LOS ANGELES — Dion Bailey is comfortable. In his eyes, he’s back where he belongs.
Bailey spent his first two seasons on the field at USC in the box, shedding blocks, chasing down ball carriers and occasionally guarding wide receivers and tight ends down the field in the slot as an outside linebacker.
It was a surprising move, but he made the most of it, earning Pac-12 Defensive Freshman of the Year honors in 2011. He had a team-high 81 tackles in 2011. Last season, he led the team with four interceptions, which was tied for second most in the country by a linebacker.
In 2013, he’s back where he feel he belongs — in the defensive backfield.
The transition, albeit brief, has been seamless during USC’s first week of fall camp.
Bailey lined up with the first-team defense when camp opened last Saturday, and despite not playing a down there in college, he’s been named to numerous preseason all-conference teams as a safety.
Bailey was a national recruit as a safety coming out of Lakewood High School in 2010, but was moved to linebacker in Monte Kiffin’s defense partly so that the Trojans could have more speed on the defensive side of the ball.
In new defensive coordinator Clancy Pendergast’s 5-2 scheme, Bailey is back relying on skills that made him a prized recruit.
“I’m just falling back on the natural feeling of the position that I used to excel in high school, and it’s definitely been helping me early on in camp,” Bailey said.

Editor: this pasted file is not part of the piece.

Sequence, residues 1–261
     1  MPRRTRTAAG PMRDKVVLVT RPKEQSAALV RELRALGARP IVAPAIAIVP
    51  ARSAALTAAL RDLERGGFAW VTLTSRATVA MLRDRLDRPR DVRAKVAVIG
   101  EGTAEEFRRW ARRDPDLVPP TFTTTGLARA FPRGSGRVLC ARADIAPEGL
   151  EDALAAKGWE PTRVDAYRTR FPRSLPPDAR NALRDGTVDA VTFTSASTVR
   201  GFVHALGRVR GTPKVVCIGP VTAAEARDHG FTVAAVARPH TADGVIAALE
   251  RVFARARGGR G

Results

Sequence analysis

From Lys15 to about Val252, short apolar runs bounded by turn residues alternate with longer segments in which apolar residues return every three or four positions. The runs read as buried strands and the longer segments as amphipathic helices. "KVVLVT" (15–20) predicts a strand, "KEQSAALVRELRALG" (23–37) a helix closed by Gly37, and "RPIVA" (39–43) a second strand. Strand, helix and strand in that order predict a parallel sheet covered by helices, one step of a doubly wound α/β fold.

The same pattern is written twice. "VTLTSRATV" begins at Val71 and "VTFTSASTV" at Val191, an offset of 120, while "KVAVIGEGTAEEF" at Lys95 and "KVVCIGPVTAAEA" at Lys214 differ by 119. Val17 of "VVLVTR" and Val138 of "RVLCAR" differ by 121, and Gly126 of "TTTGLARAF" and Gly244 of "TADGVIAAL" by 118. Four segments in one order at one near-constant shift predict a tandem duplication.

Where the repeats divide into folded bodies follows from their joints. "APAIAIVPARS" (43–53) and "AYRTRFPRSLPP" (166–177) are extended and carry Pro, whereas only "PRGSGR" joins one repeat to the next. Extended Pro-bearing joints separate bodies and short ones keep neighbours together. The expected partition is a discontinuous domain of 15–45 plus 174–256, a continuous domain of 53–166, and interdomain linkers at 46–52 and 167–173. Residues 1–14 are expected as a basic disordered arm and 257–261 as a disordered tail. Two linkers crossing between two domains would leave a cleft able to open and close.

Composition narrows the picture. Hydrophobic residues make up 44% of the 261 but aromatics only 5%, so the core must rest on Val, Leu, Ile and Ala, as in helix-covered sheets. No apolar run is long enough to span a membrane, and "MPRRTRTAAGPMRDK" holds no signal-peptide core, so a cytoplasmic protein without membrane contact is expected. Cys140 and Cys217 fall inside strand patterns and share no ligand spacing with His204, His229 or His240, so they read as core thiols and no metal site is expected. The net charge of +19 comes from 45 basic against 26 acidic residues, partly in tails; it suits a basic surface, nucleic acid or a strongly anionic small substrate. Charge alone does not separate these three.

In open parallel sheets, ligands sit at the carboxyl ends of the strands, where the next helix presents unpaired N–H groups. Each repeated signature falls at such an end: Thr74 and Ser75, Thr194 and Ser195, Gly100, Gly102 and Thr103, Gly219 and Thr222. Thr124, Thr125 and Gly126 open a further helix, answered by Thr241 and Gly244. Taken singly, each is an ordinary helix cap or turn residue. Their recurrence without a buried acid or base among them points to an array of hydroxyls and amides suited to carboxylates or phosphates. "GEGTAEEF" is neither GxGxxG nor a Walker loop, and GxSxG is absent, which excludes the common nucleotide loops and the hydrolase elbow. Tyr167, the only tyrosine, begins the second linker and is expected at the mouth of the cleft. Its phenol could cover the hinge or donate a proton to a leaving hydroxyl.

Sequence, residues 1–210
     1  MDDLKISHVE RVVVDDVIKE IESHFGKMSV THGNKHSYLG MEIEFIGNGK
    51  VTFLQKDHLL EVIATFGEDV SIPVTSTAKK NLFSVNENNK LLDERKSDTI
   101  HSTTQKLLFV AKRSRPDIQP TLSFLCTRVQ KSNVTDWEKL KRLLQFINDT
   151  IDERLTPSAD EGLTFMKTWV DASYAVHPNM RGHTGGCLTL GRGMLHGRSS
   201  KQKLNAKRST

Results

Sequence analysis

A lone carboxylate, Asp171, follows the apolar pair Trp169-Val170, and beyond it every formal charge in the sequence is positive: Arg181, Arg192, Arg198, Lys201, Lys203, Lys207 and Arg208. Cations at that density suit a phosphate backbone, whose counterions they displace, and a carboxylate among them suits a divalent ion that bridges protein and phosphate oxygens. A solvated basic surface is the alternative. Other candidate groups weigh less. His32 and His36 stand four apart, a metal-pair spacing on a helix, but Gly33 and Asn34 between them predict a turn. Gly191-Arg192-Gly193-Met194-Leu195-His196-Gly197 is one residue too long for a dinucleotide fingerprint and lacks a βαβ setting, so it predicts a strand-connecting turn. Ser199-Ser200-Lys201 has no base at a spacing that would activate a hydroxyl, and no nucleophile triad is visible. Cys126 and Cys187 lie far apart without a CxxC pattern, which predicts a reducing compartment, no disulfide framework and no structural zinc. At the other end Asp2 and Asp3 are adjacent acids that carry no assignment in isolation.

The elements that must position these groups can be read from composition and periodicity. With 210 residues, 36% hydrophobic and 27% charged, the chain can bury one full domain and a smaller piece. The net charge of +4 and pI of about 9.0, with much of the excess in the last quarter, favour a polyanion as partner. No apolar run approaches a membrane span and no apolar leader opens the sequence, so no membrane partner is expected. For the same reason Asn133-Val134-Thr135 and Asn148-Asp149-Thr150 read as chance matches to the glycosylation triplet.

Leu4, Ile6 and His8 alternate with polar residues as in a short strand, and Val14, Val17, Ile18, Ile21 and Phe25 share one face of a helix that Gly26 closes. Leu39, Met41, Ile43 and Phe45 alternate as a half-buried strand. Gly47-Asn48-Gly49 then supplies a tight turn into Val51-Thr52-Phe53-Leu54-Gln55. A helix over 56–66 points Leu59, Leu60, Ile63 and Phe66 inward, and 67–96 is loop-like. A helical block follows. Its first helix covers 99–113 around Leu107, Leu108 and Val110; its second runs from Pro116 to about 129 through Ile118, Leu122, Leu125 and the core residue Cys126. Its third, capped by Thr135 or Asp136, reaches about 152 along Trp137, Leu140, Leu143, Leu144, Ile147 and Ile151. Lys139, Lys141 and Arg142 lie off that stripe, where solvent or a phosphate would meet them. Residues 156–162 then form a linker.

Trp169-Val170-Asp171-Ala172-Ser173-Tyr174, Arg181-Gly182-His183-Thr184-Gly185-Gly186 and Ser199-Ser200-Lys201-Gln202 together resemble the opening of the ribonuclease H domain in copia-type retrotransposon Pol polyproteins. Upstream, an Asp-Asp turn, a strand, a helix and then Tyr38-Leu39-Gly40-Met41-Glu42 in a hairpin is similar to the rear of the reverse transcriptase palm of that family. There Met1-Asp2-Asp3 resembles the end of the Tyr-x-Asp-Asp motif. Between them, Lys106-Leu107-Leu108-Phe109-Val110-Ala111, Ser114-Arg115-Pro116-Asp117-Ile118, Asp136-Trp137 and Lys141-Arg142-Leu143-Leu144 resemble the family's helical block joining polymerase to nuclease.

His new position group is one of the deepest on the team. Pendergast has spent the first couple of days of camp rotating players in order to find the right groupings.
“We’ve got some safeties that have coverage ability,” Pendergast said. “They’ll be some packages where we’ll play three safeties and there will be some packages where we’ll play three corners. Some of the guys we got will give us some flexibility based on the style of offense we’re going to play.”
Bailey’s flexibility is what allowed him to excel at linebacker. At safety he feels he can still have that flexibility and make an impact, especially when it comes to being physical.
“I can come down in the box and I feel like I’m right at home,” Bailey said. “It’s not like a normal safety dropping down and he feels like ‘Oh I’m not supposed to be in the box.’ Getting physical, fighting off blocks, all that stuff that I learned over the past three years at linebacker definitely will help me in the secondary.”
An added bonus for him now is having the chance to see the whole field. The game now moves “slower” for him, being able to decipher offenses from 12-15 yards away from the line of scrimmage compared to the chaos linebacker presents being closer to the line of scrimmage.
Safety gives Bailey lots of open space, which makes him feel at home. Linebacker didn’t.
“That was never a position I felt that I would play at the next level,” Bailey said. “I mean, I was 200 pounds. I don’t think I could survive at that position much longer.”